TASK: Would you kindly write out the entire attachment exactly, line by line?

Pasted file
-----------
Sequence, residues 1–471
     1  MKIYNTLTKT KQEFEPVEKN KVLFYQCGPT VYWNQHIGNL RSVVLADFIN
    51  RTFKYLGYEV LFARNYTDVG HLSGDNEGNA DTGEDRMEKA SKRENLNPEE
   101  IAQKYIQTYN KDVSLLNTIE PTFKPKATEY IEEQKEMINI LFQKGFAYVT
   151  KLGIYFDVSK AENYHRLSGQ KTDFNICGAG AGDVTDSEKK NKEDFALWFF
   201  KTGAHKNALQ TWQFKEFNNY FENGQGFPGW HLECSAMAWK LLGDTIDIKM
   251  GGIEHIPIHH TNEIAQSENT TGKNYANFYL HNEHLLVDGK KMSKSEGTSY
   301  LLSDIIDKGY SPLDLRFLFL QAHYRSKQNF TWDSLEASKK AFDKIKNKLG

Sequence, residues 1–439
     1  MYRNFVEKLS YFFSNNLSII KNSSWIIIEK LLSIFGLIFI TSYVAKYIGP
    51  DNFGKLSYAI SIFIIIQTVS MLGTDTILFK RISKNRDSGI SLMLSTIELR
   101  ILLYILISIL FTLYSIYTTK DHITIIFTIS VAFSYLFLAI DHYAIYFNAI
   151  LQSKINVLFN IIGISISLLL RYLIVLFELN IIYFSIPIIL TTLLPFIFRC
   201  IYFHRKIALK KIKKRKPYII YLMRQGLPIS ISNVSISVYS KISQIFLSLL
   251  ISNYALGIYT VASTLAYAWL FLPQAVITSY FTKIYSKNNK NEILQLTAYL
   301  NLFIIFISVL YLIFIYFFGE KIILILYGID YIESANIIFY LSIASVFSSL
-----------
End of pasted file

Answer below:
Sequence, residues 1–471
     1  MKIYNTLTKT KQEFEPVEKN KVLFYQCGPT VYWNQHIGNL RSVVLADFIN
    51  RTFKYLGYEV LFARNYTDVG HLSGDNEGNA DTGEDRMEKA SKRENLNPEE
   101  IAQKYIQTYN KDVSLLNTIE PTFKPKATEY IEEQKEMINI LFQKGFAYVT
   151  KLGIYFDVSK AENYHRLSGQ KTDFNICGAG AGDVTDSEKK NKEDFALWFF
   201  KTGAHKNALQ TWQFKEFNNY FENGQGFPGW HLECSAMAWK LLGDTIDIKM
   251  GGIEHIPIHH TNEIAQSENT TGKNYANFYL HNEHLLVDGK KMSKSEGTSY
   301  LLSDIIDKGY SPLDLRFLFL QAHYRSKQNF TWDSLEASKK AFDKIKNKLG

Sequence, residues 1–439
     1  MYRNFVEKLS YFFSNNLSII KNSSWIIIEK LLSIFGLIFI TSYVAKYIGP
    51  DNFGKLSYAI SIFIIIQTVS MLGTDTILFK RISKNRDSGI SLMLSTIELR
   101  ILLYILISIL FTLYSIYTTK DHITIIFTIS VAFSYLFLAI DHYAIYFNAI
   151  LQSKINVLFN IIGISISLLL RYLIVLFELN IIYFSIPIIL TTLLPFIFRC
   201  IYFHRKIALK KIKKRKPYII YLMRQGLPIS ISNVSISVYS KISQIFLSLL
   251  ISNYALGIYT VASTLAYAWL FLPQAVITSY FTKIYSKNNK NEILQLTAYL
   301  NLFIIFISVL YLIFIYFFGE KIILILYGID YIESANIIFY LSIASVFSSL